1. Chemical Free Is The Way To Be

There are literally dozens of chemicals used in natural beauty products that are proven to be harmful to the human body. Many people assume that since these types of products are simply being applied externally, there is no real danger. However, it's a fact that everything you put on your body gets absorbed into your body.

Common chemicals found in traditional beauty products include:
  • Polyethelene Glycol - the same substance used to remove oils from the skin is found in oven cleaners
  • Propylene Glycol - found in many hair care products, cosmetics and dental care products, this ingredient is also primarily found in anti-freeze
  • DMDM Hydantoin & Urea - found in a variety of beauty products, this ingredient releases formaldehyde into the body
  • Dioxin - this product is known to be carcinogenic
These are just a few common ingredients found in today's traditional beauty products - the list is seemingly endless. Avoiding these chemicals can help reduce your risk of cancer and other harmful diseases.

2. There Is Zero Regulation On Chemicals Used In Beauty Products

You'd think that the government would be aware of the dangerous chemicals used in these types of products, however, there is no regulations or safety standards that manufacturers of such products have to adhere to. This means that the manufacturers can use whatever ingredients produce the best results or are cheapest to use, without having to do anything besides list them on the back of the bottle.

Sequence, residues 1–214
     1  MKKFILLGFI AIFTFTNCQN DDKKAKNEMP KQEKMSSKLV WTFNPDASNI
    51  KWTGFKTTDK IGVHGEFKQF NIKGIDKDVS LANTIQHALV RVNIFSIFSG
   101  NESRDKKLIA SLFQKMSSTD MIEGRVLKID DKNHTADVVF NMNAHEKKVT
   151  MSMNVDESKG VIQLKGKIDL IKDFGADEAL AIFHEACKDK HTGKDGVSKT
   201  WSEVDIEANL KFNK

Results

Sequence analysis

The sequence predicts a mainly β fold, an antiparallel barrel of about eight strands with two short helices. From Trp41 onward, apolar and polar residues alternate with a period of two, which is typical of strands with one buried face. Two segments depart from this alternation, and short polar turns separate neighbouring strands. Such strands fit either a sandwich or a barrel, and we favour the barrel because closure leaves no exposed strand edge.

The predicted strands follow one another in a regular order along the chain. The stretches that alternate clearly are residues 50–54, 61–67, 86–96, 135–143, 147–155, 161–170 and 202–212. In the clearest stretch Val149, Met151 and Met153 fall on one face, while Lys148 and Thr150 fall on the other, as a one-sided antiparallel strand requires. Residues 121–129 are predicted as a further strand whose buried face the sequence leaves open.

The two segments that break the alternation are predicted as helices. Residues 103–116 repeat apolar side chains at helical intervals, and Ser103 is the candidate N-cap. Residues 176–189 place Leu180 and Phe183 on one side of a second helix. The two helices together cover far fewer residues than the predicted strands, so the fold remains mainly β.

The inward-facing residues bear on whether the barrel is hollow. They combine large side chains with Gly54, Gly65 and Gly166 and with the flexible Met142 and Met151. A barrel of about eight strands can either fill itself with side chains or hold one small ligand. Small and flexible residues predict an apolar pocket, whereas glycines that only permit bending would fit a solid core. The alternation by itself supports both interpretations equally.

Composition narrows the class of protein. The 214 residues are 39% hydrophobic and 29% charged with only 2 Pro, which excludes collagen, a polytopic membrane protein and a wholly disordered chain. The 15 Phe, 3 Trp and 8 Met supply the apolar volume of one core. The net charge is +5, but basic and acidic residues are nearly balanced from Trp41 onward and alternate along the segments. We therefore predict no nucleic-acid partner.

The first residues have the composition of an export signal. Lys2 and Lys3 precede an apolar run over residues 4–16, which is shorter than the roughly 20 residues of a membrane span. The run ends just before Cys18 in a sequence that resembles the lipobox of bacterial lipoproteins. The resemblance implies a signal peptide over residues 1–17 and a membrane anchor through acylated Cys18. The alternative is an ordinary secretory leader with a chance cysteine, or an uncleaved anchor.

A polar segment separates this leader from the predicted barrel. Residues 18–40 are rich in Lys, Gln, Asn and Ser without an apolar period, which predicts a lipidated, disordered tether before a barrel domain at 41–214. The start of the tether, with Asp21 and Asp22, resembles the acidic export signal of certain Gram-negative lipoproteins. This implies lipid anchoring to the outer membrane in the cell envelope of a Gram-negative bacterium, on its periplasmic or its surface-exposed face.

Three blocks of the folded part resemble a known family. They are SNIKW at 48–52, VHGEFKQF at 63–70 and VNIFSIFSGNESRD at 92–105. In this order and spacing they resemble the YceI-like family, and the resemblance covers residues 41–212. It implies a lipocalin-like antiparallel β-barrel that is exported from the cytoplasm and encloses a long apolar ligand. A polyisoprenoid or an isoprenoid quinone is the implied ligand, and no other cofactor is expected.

3. Natural Ingredients Produce Less Skin Irritation

Since there are far fewer - if any - chemicals in natural products, such as natural body wash, the skin is less irritated as a result. Have you ever used a beauty product marketed for "sensitive skin" and still had a reaction like redness or stinging after applying the product? Natural ingredients like fruit oils and plant extracts are far less harmful and irritating to the skin than the ingredients in traditional beauty products.

4. Sustainable Manufacturing Is Better For The Planet

Most manufacturers of natural beauty products use sustainable manufacturing practices. For example, our sister company Naked Skin Bar's Moksa body bar does not use palm oils in the crafting of their natural body wash, as palm oil is one of the primary causes of deforestation.

5. Natural Beauty Products Can Be More Affordable

While it's true that some natural or organic beauty products are more expensive than their traditionally manufactured counterparts, others are much more affordable than name brands, especially those you would find in department stores. Their Moksa Iceland Mint Organic Soap Bar is just $6.50 a bar - far less than you would pay for a bar of name brand soap filled with chemicals and synthetic ingredients. With olive oil, coconut oil, cannabis oil, shea butter and pure essential oils and plant extracts, this bar is nourishing to the skin and body.

6. No Animal Testing

Many of the traditional, heavily marketed brands test their soaps, cosmetics and other products on animals to determine how their product needs to be labeled. For example, if a rabbit has a severe reaction to a cosmetic applied to their eyes, the company would likely place a label on the product to avoid getting into eyes. The large majority of manufacturers of natural beauty products shun animal testing, even though their products contain much less harmful ingredients.

7. Natural Or Organic Products Are Often More Effective

Have you ever spent a ridiculous amount of money on a certain beauty product, because it was considered "the best" or to be extremely effective, only to find out later that it didn't work at all?